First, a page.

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Twice Saved

July 2, 2020

An HSC patient reflects

Brenda Edmondson’s very first symptom of a life-threatening condition appeared while she was sitting in her doctor’s office at a routine check-up.

Imagine that your very first symptom of a life-threatening condition appeared while you were sitting in your doctor’s office at a routine check-up. That’s what happened to Brenda Edmondson in 2005. And that’s why she’s around to tell her story today.

“I obviously have a guardian angel,” says Edmondson, a retired federal government manager.

Edmondson was at an appointment with her family physician, Dr. Monica Czarnecka. While sitting in the office, Edmondson passed out. Her heart stopped. Her blood pressure plummeted.

“One minute I was talking to her, and the next minute I lost consciousness,” she says. “It was like a light went out.”

Paramedics were able to revive Edmondson, and she felt fine right away. Her doctor made immediate and urgent referrals to a neurologist and a cardiologist.

She underwent a battery of tests that provided no conclusive results. Dr. Czarnecka recommended a special CT scan and only then did a neurologist in the community discover the brain aneurysm that led to her loss of consciousness. (In simple terms, a brain aneurysm is a bulge in a blood vessel in the brain. If it bursts, the results can be fatal.)

While the neurologist discovered the aneurysm, he didn’t share the information with Edmondson. He simply wrote a letter to the cardiologist who was also investigating the case.

“I went for a stress test and they told me my heart was fine and that my symptom was probably related to my brain aneurysm,” says Edmondson. “Until that moment I didn’t even know I had a brain aneurysm!”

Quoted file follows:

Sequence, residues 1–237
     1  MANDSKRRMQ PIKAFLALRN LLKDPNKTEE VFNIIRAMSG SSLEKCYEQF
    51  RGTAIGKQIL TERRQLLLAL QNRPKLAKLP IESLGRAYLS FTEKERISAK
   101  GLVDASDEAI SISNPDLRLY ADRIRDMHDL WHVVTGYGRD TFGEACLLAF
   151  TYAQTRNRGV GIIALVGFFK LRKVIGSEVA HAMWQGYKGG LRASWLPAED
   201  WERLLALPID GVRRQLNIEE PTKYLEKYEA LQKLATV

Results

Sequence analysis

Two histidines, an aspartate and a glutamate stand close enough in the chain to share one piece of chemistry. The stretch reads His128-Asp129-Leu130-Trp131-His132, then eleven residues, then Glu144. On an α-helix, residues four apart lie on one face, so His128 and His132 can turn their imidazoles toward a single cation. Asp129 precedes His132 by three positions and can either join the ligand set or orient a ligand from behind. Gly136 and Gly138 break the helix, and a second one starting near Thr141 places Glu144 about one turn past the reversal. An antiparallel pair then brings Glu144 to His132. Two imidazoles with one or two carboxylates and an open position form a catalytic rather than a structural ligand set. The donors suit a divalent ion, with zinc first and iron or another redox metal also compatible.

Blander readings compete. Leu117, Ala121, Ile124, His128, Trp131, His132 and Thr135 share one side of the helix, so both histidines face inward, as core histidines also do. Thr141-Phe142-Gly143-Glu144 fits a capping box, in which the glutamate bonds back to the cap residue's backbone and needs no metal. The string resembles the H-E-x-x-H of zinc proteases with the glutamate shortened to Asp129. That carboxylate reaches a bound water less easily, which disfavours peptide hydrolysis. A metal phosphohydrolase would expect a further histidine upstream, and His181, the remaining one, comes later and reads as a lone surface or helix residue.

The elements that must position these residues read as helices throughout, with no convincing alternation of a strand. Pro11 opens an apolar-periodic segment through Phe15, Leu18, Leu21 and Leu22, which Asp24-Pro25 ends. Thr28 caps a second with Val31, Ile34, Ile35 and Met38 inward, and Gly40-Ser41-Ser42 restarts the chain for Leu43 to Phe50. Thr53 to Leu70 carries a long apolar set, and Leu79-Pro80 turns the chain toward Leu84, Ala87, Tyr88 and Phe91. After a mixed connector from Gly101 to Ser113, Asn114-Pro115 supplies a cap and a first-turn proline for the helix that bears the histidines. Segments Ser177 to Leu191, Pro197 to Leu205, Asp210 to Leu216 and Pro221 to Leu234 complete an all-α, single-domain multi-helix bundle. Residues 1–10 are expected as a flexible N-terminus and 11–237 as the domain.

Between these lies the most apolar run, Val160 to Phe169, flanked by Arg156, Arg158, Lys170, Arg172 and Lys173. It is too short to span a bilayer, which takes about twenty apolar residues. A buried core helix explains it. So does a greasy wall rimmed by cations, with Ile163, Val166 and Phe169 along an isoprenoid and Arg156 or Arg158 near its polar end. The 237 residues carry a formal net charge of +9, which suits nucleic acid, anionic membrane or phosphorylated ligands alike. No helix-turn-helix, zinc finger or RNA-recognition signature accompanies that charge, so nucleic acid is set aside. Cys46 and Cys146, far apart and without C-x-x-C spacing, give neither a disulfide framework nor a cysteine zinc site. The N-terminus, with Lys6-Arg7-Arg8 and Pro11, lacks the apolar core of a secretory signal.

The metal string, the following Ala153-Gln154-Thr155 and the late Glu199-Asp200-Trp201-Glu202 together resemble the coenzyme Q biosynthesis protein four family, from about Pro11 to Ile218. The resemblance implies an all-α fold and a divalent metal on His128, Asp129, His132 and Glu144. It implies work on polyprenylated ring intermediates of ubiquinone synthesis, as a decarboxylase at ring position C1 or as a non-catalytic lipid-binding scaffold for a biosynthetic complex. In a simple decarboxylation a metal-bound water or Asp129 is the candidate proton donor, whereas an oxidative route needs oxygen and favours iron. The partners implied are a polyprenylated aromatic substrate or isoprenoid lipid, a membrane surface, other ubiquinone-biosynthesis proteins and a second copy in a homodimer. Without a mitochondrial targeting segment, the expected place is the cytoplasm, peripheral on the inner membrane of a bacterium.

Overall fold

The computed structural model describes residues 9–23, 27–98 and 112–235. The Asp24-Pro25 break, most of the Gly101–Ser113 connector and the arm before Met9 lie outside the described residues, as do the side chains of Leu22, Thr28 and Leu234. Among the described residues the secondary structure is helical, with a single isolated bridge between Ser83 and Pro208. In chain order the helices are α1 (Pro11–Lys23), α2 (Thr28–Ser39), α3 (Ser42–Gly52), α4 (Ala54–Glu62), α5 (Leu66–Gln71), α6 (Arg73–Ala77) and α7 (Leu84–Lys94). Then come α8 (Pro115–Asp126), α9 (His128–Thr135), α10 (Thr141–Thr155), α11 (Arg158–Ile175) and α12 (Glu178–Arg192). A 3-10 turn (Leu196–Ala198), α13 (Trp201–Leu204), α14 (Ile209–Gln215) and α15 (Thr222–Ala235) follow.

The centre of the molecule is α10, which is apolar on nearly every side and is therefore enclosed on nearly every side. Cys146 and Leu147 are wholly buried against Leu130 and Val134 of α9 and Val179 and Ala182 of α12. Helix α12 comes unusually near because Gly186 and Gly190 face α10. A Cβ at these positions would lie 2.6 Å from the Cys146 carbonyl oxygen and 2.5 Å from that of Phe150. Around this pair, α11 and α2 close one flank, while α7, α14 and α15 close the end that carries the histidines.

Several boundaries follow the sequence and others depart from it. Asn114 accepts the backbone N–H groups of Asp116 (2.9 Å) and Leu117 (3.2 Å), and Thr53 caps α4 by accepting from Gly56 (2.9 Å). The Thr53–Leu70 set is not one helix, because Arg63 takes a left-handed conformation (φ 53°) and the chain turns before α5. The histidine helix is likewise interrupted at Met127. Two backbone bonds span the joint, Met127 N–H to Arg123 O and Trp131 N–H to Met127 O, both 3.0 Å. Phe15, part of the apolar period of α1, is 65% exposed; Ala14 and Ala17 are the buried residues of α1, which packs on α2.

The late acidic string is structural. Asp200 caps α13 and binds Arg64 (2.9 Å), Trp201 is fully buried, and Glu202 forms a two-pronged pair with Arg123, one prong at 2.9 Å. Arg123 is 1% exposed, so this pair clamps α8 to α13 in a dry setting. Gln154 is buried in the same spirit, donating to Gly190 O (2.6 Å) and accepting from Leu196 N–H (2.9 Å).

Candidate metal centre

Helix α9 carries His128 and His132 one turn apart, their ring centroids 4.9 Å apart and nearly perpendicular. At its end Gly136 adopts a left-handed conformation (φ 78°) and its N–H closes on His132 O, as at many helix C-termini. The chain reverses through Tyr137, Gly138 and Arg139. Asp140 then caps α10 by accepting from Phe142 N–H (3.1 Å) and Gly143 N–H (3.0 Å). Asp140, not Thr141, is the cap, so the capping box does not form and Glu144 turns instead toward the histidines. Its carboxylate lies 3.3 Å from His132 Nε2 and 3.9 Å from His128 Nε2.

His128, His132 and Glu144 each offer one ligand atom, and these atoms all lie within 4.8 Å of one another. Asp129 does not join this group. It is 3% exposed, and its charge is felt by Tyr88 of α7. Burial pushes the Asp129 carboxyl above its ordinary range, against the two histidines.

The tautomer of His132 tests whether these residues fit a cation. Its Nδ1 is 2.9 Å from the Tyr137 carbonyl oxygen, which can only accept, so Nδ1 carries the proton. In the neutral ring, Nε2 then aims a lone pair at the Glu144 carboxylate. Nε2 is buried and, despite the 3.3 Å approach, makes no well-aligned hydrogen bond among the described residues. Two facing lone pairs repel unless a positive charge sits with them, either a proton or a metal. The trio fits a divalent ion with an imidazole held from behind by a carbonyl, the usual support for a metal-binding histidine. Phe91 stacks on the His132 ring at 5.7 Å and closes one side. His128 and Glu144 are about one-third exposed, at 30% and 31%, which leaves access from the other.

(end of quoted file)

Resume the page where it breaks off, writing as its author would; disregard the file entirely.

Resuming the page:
So, Edmondson went back to the neurologist who made an appointment for her at HSC with Dr. Michael West. The neurologist told Edmondson that she and her husband Jim should be prepared for the worst as the aneurysm was deep in the brain and might be inoperable. Needless to say, the month leading up to the appointment with Dr. West was a stressful one. But the stress lifted when they first met the legendary, now-retired Dr. West.

“The moment my husband and I met with Dr. West, it was a game changer. He said there were surgical options,” says Edmondson. “He was a really brilliant surgeon, but apart from that he had such a calm demeanour that inspired confidence. I knew right away I was in the most capable hands possible.”

Edmondson’s recovery from her surgery (a “craniotomy”) was quick and other than some manageable paralysis of her left vocal cord, there were no lingering effects from the life-saving, five-hour procedure.

“The moment my husband and I met with Dr. West, it was a game changer. He said there were surgical options,” says Brenda Edmondson.

Her family doctor continued to follow her closely and grew concerned some years later when it became clear that Edmondson’s resting heart rate was too high.

“Dr. Czarnecka understood that the heart rate issue could be related to an underlying lung issue,” says Edmondson of the 2012 discovery. “She’s thorough and stays very well informed. I am forever grateful for Dr. Czarnecka.”

A scan and an X-ray confirmed that there was a cancerous mass on her lung. And so, Edmondson was referred to Dr. Helmut Unruh at HSC. Laparoscopic surgery followed. Through three small incisions, Dr. Unruh expertly removed a portion of Edmondson’s lung. Thanks to early detection and an effective surgery, Edmondson was spared chemotherapy and radiation. Her hospital stay was a mere four days.

“He was a fabulous surgeon with a great bedside manner,” says Edmondson. “I was confident that everything was going to turn out fine.”

Dr. Unruh has since retired, and Brenda Edmondson continues to see Dr. Larry Tan, Head of Thoracic Surgery, to monitor her lungs. Fourteen years following brain surgery, and eight years following lung surgery, Edmonson is in good health. She is an avid gardener, loves to entertain guests, and is very active in her church. She is also happy to share her feelings of gratitude for HSC and encourage people to support the HSC Foundation.

“Everybody was so skilled, so compassionate, and so caring,” says Edmondson. “They made me feel like they cared about me and my recovery. That makes a world of difference for someone going through a difficult period in their life.”

 

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